Ta’s Timeout: A solution to meaningless international friendlies? The UEFA Nations League

Graphic by Emma Li

This past summer, the largest sporting event in the world brought together millions of people, as the 2018 FIFA World Cup showed us all how national pride impacts football’s biggest stage.

However, those who watch football regularly know that international football is not always played at the highest level, when the stakes aren’t as high.

The international break is a period in which regularly scheduled club football is halted in order for players to represent their national teams. While some international breaks consist of qualifying matches for major tournaments like the World Cup, most consist of meaningless friendlies.

International friendlies are typically far less exciting than competitive club matches. On top of that, players jeopardize their fitness ahead of an important run of club games. Sometimes the break can even ruin a club’s momentum during a season’s pivotal period.

To combat the dull nature of meaningless international friendlies, the Union of European Football Associations implemented the UEFA Nations League, a biennial football competition involving the 55 men’s national teams of UEFA.

While the UEFA Nations League does not fix the problem of injuries or the teams’ momentum being ruined, it does provide fans with competitive football in an exciting tournament format as opposed to random, pointless matches.

With a new competition comes a new format, so let’s try to understand how this all works.

The 55 national teams are split into four leagues labeled A, B, C, and D based on their UEFA coefficient, which is essentially a measure of how strong a team is. The strongest nations are placed in League A, while the weakest are placed in League D.

Each league consists of four groups of three or four teams. Group winners in Leagues B, C, and D are promoted to the league above. Nations who finish last in their group in Leagues A and B are relegated to the league below.

Now, this is where it gets complicated, so bear with me. Because there is an uneven amount of UEFA members, there is one group in League C that consists of three teams and three groups that consist of four teams.

In the groups with four teams, the nations who finish last are obviously relegated to League D. However, the worst third-placed team throughout the four groups in League C is also relegated to League D. I could go on and on about the specifics of determining the worst third-placed team, but in short, it is based on their competitive record in the group matches.

The four group winners from League A qualify for the UEFA Nations League finals, which consist of two semi-finals matches, a third-place match, and a final to determine the UEFA Nations League Champion.

Winning the UEFA Nations League tournament is a great achievement in its own right, but there are other reasons why a nation would want to bring their best players and do well. The new UEFA Nations League will serve as a backdoor route of qualification for the largest European footballing event: the European Championships.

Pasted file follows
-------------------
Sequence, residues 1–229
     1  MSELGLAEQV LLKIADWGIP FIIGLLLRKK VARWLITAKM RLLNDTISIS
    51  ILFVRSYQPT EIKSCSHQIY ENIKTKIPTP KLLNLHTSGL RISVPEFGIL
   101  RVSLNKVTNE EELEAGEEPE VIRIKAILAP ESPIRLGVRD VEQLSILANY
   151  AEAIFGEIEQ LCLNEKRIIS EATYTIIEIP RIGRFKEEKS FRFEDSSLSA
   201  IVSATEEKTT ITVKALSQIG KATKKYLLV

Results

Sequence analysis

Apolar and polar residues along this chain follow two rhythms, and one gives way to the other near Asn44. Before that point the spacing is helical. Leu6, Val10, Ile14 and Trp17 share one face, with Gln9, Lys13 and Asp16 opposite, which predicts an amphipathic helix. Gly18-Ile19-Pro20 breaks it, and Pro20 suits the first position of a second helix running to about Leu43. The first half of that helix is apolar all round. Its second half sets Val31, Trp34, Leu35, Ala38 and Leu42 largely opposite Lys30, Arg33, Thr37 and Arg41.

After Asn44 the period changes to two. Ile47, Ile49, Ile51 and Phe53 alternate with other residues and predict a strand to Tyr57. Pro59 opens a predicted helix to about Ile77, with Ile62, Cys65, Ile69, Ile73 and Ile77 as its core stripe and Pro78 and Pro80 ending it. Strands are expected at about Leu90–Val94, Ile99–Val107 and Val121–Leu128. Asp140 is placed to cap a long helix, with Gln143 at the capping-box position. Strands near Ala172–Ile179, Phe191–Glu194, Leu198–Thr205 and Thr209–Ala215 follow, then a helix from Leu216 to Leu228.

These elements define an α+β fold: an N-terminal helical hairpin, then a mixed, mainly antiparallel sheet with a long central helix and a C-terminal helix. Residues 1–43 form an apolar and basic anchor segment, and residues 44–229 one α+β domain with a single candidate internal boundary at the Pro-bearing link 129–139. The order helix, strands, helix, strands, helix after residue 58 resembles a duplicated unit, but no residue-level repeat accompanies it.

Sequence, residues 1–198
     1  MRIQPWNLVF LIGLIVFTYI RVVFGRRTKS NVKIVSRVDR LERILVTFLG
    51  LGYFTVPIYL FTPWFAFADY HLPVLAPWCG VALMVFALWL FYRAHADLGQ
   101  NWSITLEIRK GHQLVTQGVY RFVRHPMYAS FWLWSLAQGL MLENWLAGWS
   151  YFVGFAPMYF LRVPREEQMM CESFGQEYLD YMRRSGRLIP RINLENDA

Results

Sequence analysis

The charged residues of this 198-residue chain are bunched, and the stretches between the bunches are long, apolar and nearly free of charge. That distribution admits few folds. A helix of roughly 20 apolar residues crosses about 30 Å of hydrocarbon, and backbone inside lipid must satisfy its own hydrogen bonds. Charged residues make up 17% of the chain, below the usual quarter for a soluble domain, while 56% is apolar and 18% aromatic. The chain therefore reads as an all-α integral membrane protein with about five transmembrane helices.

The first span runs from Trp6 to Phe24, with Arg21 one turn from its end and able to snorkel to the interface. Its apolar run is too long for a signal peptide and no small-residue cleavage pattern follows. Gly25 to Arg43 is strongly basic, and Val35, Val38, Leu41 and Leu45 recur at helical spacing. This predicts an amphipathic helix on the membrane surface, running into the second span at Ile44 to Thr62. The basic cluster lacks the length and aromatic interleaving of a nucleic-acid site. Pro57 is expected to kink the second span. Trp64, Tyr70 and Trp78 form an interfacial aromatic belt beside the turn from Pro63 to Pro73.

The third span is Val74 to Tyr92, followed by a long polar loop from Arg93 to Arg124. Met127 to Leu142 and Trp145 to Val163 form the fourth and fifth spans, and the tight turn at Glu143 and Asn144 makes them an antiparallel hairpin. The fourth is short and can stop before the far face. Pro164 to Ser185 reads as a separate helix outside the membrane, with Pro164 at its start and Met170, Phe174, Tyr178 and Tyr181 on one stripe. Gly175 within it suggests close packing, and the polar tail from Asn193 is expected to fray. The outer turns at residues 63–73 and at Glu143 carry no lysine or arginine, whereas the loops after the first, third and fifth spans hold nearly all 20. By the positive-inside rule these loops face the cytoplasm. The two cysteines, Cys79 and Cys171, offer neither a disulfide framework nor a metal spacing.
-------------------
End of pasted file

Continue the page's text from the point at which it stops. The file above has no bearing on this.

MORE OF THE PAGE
In 2020, the European Championships will involve 24 teams for the second time. Qualification will consist of 10 groups. Twenty out of the 24 teams will qualify for the final tournament through the group stages of qualification, by finishing in either first or second place in their respective groups.

The remaining four teams will be decided in a playoff format involving the 16 group winners of the 2018-2019 UEFA Nations League.

If the group winner has already qualified, which is likely to be the case in League A, then the next best team in their respective league or if needed be, the league below, will be given the opportunity. Consequently, in the case that League A does not have enough unqualified teams for a playoff tournament, teams from League B who have not qualified will be able to take the remaining slot(s).

It is important to note that each league has a playoff path of its own, meaning that one nation in Leagues A, B, C, and D, respectively, will be able to qualify for the 2020 Euros. This is especially great news for the minnows of UEFA in League D. The UEFA Nations League guarantees that there will be at least one debutant in the next European Championships.

Clearly, the UEFA Nations League is bringing a new dynamic to international football. It’s raising the stakes of each and every game, while providing football fanatics with the entertainment we enjoy from club football. What more could we possibly ask for?

Danny Ta PO ’22 is a prospective math major from Ontario, CA. In his free time, he enjoys being frustrated by the inconsistency of his favorite soccer team, Manchester United.

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